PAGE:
This is a short post about how to use schema.org/QuantitativeValue in a way which is machine-readable, human-readable, accessible, and typographically correct.
Schema.org/QuantitativeValue is used to express the height, width, and depth properties on instances of schema.org/Product and schema.org/VisualArtwork. I’m going to use VisualArtwork as an example, but the procedure is exactly the same for a Product.
I’m going to use an example height of 700 millimetres and a width of 500 millimetres. Without any use of schema.org or typographical niceties this would probably be marked-up like this:
<p>Size: 700mm x 500mm</p>
So far, so good? Not really.
Step 1: Getting the typography right
That “x” character is the letter X not the symbol for “by”. The proper symbol is “×”, the multiplication sign (type “Alt 0215” in Windows or the HTML entity
× - you can find more information at www.fileformat.info/info/unicode/char/00d7/index.htm).
So what I should change it to is this:
<p>Size: 700mm × 500mm</p>
If you need to you can use the HTML entity in your mark-up:
<p>Size: 700mm × 500mm</p>
Step 2: Making it accessible
I’ve got a couple of abbreviations there that I should mark up so that screen-reading software can understand what I’m trying to say:
<p>Size: 700<abbr title="millimetres">mm</abbr> × 500<abbr title="millimetres">mm</abbr></p>
That’s the basic mark-up and typography done, now the schema.org.
Step 3: Adding the schema.org mark-up
The main properties I need to mark up are value (the actual value of each measurement) and unitCode (the UN/CEFACT Common Code of the units).
I’d never heard of UN/CEFACT Common Codes before (despite the name they’re not really that common!), but they are the chosen format for specifying units of measurement as laid out by the United Nations Centre for Trade Facilitation and Electronic Business (UN/CEFACT). You probably won’t recognise any of them either, but the GoodRelations wiki keeps a table of them for easy reference.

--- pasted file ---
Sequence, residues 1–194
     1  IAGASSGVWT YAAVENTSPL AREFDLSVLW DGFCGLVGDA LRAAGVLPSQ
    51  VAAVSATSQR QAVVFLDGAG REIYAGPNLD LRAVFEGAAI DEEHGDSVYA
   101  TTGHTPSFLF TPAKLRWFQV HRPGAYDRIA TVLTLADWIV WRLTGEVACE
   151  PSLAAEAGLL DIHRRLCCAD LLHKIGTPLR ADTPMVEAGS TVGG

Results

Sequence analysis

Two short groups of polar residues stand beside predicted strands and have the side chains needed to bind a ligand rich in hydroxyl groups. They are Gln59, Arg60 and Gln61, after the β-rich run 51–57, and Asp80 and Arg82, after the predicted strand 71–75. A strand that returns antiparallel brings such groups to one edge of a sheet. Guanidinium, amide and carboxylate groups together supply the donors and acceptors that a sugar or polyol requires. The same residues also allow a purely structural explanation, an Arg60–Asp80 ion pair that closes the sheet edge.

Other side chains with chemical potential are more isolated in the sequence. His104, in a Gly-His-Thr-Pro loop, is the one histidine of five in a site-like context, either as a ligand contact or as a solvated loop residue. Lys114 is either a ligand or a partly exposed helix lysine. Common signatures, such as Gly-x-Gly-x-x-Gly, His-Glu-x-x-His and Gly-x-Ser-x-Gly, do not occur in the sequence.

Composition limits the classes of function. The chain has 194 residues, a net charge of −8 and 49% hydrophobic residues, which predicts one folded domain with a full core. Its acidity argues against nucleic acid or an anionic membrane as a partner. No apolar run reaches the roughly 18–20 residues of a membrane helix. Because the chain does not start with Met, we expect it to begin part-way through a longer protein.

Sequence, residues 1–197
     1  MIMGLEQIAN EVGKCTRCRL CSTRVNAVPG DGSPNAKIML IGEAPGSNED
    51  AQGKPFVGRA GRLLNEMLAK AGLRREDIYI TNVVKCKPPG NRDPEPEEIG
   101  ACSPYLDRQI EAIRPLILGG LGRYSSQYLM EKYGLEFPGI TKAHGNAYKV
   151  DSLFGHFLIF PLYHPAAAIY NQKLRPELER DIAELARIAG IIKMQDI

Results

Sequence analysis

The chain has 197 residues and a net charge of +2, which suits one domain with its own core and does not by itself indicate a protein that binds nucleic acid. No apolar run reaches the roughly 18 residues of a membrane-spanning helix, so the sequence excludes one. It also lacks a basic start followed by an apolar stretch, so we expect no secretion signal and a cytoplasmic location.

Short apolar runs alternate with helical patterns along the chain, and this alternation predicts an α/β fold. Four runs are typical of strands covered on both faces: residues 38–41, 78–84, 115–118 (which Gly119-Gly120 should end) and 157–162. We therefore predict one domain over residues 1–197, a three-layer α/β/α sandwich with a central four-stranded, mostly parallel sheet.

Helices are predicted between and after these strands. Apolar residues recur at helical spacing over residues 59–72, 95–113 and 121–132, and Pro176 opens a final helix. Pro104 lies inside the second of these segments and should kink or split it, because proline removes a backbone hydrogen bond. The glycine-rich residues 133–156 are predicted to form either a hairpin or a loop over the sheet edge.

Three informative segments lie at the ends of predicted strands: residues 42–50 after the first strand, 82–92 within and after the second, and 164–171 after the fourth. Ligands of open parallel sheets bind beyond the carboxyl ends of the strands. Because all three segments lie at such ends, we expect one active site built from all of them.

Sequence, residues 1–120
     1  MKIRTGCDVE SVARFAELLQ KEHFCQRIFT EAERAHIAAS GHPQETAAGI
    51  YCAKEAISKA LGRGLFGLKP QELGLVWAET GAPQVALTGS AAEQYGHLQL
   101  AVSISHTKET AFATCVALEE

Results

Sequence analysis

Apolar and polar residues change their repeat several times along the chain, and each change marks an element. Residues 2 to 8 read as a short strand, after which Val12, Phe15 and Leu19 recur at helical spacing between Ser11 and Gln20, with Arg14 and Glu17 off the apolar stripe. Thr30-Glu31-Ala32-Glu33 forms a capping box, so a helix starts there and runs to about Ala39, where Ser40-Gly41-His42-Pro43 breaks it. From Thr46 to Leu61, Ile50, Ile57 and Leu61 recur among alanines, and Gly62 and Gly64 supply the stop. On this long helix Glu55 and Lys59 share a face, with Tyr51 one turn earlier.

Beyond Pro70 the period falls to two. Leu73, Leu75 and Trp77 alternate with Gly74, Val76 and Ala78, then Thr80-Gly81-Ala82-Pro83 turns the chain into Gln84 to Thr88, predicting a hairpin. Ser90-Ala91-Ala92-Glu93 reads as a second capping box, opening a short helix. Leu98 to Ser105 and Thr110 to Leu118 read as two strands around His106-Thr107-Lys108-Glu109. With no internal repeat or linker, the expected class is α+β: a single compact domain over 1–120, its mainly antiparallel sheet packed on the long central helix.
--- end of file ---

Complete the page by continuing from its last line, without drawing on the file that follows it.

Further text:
Anyway, the UN/CEFACT Common Code for millimetres is “MMT”. I’m not going to display that to my website visitors because they probably won’t recognise it, so I’ll hide that away in a
content attribute where web crawlers can parse it:
<div vocab="http://schema.org/" typeof="VisualArtwork"> <p>Size: <span property="height" typeof="QuantitativeValue"> <span property="value">700</span> <abbr property="unitCode" content="MMT" title="millimetres">mm</abbr> </span> × <span property="width" typeof="QuantitativeValue"> <span property="value">500</span> <abbr property="unitCode" content="MMT" title="millimetres">mm</abbr> </span> </p> </div>
And that’s it. You can see this mark-up in the wild on any of my artwork pages on this website such as this linoprint. The only difference is that on this website I declare schema.org (and other vocabularies) in the
prefix attribute on the
html element, so I don’t need to use the
vocab attribute in my RDFa as I can just prefix all the schema.org types and properties with “schema:”.